The bottom line is that both chickens are damn tasty and any food oriented human would easily dish out three times what they are charging for their regular fix (shhhhhhh, don’t tell them). The kfc method makes for a very tasty, tender chicken that is moist, but not watery (like the official KFC). I personally think the service and environment at Bon Chon was perfect for what it was – a fried chicken joint. The beer was cold and delicious (although I’d prefer a better variety than Miller Lite) but it works. 22Chicken is really a hole in the wall take out joint with a few tables. But the chicken speaks for itself, and man does it say good. I’ll be going back to Bon Chon soon, and might even take the time to drop my bags off at the hotel before heading to 22 on my nest trip to Korea.

Surely, “the best of times. . . . AND CHICKENS.”

San Fran Two Step

Sushi in the Foggy City….
By our roving Contributor

Hamano Sushi
1332 Castro Street
San Francisco, CA 94114
(415) 826-0825 (closed Monday for lunch)
2 1/2 out of 5 grains

SF has a million sushi restaurants on every block and in every neighborhood. For my SF weekend, I chose one in Noe Valley (a sentimental fav from my SF years) and one in the Castro (a newcomer that a friend told me about).

Hamano is where I had the best hamachi sashimi of my life back in 1995. It was buttery melt in your mouth goodness. Sadly, Hamano part deux did not live up to my memories. To start out with there were tons of empty tables at 8pm on a Sat nite. Unheard of back in the day. Still the hamachi sashimi was quite decent (better than the next nite at Eiji) and there was quite an assortment of interesting rolls (check out website menu). We had the Noe, the Silk Road (daikon is not a replacement for seaweed) and a special roll which was basically the Alaska with fried garlic. The spicy tofu special was yum (soft tofu covered with sauce), but not even close to the same league as Eiji. The hamachi kama was nothing to write home about. Sushi Taro's hamachi kama is still #1 in my book.

To sum up, good neighborhood place but I would not trek to Noe Valley just for this joint.

317 Sanchez Street
San Francisco, CA 94114
(415) 558-8149
Closed Monday
3 1/2 out of 5 grains

Eiji is a year old sushi place run by straight up Japanese people (all 4 employees spoke Japanese). The real treat at Eiji is not the fish but the artisanal tofu (only in Cali). I had the ankake tofu -- a bowl of creamy warm tofu topped with a sauce make of soy, mirin and daishi. Truly delish. I could have eaten 2 more bowls of this. I wanted to try the oboro tofu, which is tofu make to order, but the waiter advised that it was quite big for 1 person. Later, I saw the waitress make it for others. She heated a clay bowl of soy milk on a gas burner and added some clear liquid when it was the right temperature to create curds of tofu. The bowl really wasn't that big. I should have ordered it. Everyone says it is amazing.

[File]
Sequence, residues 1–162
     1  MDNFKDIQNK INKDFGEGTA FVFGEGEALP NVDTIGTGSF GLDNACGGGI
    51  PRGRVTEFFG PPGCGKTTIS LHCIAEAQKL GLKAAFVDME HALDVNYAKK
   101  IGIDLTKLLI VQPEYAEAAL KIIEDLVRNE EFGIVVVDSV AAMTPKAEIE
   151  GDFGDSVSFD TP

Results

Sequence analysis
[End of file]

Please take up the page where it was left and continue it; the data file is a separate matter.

The fish was fine but nothing life altering. [Caveat -- I did go on a Sun which is not the best nite for a sushi place but it was the only day that would work in my schedule. The fish is probably better on Tues when they get their new shipment.] I had hamachi sashimi, aja nigiri, tamago nigiri (this was really good!), california roll, and spicy white tuna roll.

Finally, drum roll please, I had the handmade strawberry mochi with red bean paste for dessert (ichigo daifuku). Yes, that's right folks. I ordered something with red bean paste on purpose. And, it was really, really good. Picture a whole fresh strawberry covered with a thin layer of red bean paste that was not too sweet or beanny tasting wrapped in the chewy goodness of fresh mochi. Each bite was filled with tart strawberry flavor and chewy mochi. There was only a hint of red bean and it was actually good with the strawberry and mochi, not like the red bean popsicle nightmare of my childhood. Yah!

The place is tiny (seating for 20) so expect a wait unless you eat dinner at 6:30pm like I did on Sun. By the time I left, the place was packed.

Tuesday, September 4, 2007

There’s No Place Like Near Home

1503 17th Street, NW
Washington, DC

4 out of 5 grains

Craving a little Japanese food, the Mrs and I strolled down 17th street to Sushi Taro, which I am convinced is a much under-appreciated slice of Japan in DC. Our meal, consumed at the Sushi bar right in front of the head chef was simple, delicious and featured only the freshest ingredients. No sushi was had, and it was not missed.

We began with the special of freshly made creamy tofu, which was served with grated ginger and scallions on top, with sea salt on one side and soy on the other. The texture of the tofu was heaven, so light and creamy – almost like a yogurt but without the tang. A great starter.